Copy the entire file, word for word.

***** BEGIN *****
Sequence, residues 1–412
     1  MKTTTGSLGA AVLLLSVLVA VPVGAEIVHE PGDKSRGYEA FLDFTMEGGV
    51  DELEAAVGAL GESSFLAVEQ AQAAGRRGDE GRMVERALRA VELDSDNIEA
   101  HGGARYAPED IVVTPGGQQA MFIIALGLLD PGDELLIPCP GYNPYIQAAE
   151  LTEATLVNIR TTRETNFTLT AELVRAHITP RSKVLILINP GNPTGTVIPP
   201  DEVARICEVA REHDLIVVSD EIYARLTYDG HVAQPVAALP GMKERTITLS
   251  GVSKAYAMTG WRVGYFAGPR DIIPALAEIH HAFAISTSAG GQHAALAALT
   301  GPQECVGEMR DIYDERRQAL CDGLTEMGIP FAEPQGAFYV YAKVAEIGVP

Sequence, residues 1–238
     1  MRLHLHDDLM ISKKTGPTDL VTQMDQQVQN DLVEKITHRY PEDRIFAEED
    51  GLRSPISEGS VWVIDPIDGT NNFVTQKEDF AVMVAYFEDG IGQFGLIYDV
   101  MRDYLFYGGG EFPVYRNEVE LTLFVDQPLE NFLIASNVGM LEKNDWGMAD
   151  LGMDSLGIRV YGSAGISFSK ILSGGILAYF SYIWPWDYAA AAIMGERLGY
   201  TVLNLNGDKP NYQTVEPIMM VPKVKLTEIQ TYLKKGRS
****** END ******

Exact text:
Sequence, residues 1–412
     1  MKTTTGSLGA AVLLLSVLVA VPVGAEIVHE PGDKSRGYEA FLDFTMEGGV
    51  DELEAAVGAL GESSFLAVEQ AQAAGRRGDE GRMVERALRA VELDSDNIEA
   101  HGGARYAPED IVVTPGGQQA MFIIALGLLD PGDELLIPCP GYNPYIQAAE
   151  LTEATLVNIR TTRETNFTLT AELVRAHITP RSKVLILINP GNPTGTVIPP
   201  DEVARICEVA REHDLIVVSD EIYARLTYDG HVAQPVAALP GMKERTITLS
   251  GVSKAYAMTG WRVGYFAGPR DIIPALAEIH HAFAISTSAG GQHAALAALT
   301  GPQECVGEMR DIYDERRQAL CDGLTEMGIP FAEPQGAFYV YAKVAEIGVP

Sequence, residues 1–238
     1  MRLHLHDDLM ISKKTGPTDL VTQMDQQVQN DLVEKITHRY PEDRIFAEED
    51  GLRSPISEGS VWVIDPIDGT NNFVTQKEDF AVMVAYFEDG IGQFGLIYDV
   101  MRDYLFYGGG EFPVYRNEVE LTLFVDQPLE NFLIASNVGM LEKNDWGMAD
   151  LGMDSLGIRV YGSAGISFSK ILSGGILAYF SYIWPWDYAA AAIMGERLGY
   201  TVLNLNGDKP NYQTVEPIMM VPKVKLTEIQ TYLKKGRS